Glasgow Barrowlands is the most iconic music venue in the city, internationally feted, and with its wooden sprung floors, positively encourages dancing and general riotousness. When you play this venue in the city, you know that you’ve arrived. When you’re playing two sold out shows in a row, as Young Fathers did there this week, you’re top of the heap, and, despite the rivalry that exists between the two cities, Glasgow gave the Edinburgh-based band, now a decade into their career, a rapturous welcome.
The band, expanded from their core members G. Hastings, Alloysius Massaquoi and Kayius Bankole with a drummer playing a wildly altered kit, two (backing would be an understatement) singers, Amber Joy and Kim Mandindo, respond with enough energy to power a besieged city, though Hastings at one point taunts the crowd for not raucously enough joining in with some call and response with, “I thought this was the Barras?”
The set begins deceptively subtly with ‘Shoot Me Down’ from new album ‘Heavy Heavy’, with its threatening intro resolving into euphoric chants, before looping back to their hip-hop roots with ‘Queen Is Dead’, the group whooping and hollering over its relentless buzzsaw drone. Next up is their breakthrough hit ‘Get Up’, with its darkly ironic invitation to “Come here and do the right thing / Come and have a party,” against one of the most magnificently detuned noises in modern music.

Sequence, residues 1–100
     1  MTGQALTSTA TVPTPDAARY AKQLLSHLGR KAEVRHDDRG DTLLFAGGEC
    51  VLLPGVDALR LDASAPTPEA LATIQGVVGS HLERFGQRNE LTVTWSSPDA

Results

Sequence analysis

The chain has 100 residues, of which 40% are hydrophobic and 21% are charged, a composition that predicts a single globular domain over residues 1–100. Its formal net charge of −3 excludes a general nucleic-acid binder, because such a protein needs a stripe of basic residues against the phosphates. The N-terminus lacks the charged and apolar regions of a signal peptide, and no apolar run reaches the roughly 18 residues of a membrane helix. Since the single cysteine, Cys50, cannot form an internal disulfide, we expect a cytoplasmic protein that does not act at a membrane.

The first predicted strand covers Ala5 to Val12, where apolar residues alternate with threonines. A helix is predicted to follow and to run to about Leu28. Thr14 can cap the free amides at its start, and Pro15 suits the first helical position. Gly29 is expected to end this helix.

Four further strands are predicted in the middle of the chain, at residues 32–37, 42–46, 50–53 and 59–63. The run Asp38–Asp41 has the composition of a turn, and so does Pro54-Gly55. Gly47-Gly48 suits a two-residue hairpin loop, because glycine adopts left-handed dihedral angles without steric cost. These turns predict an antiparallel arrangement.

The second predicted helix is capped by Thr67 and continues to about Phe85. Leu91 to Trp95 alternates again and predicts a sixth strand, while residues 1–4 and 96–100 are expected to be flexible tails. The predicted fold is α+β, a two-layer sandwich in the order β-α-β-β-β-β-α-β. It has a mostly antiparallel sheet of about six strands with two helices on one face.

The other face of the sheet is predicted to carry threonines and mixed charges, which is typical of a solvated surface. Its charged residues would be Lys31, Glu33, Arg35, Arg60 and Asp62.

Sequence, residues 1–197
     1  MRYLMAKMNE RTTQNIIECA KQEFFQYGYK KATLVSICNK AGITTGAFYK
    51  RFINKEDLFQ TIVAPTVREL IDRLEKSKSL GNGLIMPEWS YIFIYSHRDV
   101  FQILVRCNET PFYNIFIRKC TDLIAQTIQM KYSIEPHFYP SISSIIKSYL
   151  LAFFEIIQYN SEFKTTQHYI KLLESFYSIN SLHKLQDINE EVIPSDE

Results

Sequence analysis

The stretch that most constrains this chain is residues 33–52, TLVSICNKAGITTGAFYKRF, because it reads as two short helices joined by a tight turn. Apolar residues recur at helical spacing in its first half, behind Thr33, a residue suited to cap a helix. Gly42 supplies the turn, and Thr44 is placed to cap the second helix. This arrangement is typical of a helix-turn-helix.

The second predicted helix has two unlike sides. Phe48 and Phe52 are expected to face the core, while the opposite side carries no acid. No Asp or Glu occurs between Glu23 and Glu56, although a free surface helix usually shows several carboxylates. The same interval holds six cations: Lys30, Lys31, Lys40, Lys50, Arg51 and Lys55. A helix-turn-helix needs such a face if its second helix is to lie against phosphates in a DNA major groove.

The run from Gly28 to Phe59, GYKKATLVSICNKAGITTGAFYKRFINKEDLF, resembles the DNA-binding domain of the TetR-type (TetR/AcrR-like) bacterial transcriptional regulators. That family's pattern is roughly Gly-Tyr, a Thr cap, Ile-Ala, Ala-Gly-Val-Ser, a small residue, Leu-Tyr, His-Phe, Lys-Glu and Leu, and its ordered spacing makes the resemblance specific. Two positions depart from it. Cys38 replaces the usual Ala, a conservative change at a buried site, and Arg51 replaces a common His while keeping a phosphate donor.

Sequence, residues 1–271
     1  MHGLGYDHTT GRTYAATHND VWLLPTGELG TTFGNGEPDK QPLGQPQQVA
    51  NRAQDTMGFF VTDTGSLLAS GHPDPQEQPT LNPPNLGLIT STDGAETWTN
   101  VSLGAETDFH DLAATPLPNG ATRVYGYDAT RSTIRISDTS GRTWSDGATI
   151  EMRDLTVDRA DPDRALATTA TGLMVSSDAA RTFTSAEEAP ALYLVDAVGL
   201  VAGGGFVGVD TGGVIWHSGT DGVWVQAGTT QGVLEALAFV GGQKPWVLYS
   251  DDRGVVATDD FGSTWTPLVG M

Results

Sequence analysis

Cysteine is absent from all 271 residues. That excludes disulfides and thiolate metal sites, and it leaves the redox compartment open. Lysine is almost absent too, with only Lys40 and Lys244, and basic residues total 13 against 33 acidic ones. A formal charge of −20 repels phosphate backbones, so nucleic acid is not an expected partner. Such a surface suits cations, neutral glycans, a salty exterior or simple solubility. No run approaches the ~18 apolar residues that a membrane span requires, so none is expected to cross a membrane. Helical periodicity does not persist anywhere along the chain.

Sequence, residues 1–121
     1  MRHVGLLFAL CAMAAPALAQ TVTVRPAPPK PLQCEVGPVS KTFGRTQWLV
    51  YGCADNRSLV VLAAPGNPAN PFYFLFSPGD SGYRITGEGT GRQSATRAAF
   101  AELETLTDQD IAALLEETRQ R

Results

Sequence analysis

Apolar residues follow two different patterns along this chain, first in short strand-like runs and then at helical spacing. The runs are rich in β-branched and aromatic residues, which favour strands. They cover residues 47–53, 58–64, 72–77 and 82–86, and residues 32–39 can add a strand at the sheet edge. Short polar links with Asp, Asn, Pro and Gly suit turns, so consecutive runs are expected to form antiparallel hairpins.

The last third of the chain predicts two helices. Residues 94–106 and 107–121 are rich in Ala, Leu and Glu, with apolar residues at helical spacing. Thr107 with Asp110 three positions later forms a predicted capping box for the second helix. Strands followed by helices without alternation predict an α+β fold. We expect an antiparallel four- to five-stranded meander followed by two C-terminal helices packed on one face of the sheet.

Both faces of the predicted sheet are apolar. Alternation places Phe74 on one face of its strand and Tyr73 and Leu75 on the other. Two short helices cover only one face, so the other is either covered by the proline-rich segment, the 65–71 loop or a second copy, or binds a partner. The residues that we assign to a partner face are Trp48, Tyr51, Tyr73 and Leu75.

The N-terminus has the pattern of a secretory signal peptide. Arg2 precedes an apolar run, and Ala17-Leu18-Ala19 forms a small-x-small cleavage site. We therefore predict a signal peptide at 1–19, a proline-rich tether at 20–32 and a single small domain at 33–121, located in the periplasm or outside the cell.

An impassioned ‘Wow’ brings in some discordance building to its cry for “Giving me what I need” in a bizarre mutation of doowop, and just when you think they can’t go any higher, they immediately slam into ‘Old Rock n’ Roll’, with its deconstructed African polyrythmic funk rhythms parodying cliched notions of race, setting the crowd, myself included, dancing.
It doesn’t let up – that Young Fathers are the greatest live band in Scotland at the moment is hardly a secret. I think they’re the greatest Scottish live band I’ve ever seen, and this trawl through their entire career also reminds one of the sheer quality and complexity of the music they’ve produced over the last decade. There isn’t one duff tune or piece of filler ever, as everything they do and touch feels urgent, essential, that there’s a reason for it to exist in the world, and it’s delivered with utter conviction.
When they preface one of their most loved songs ‘Shame’, with a dedication to “those who choose bombs and guns over peace”, and declare “Ceasefire Now, Free Palestine”, and 1900 people go utterly nuts, it’s the most visceral demonstration of catharsis in action I’ve ever witnessed.
And normally, if a band ever left the Barrowlands stage without playing an encore, there’d be hell to pay. In this case, the audience fully agreed we’d been paid in full.
Words: Brian Beadie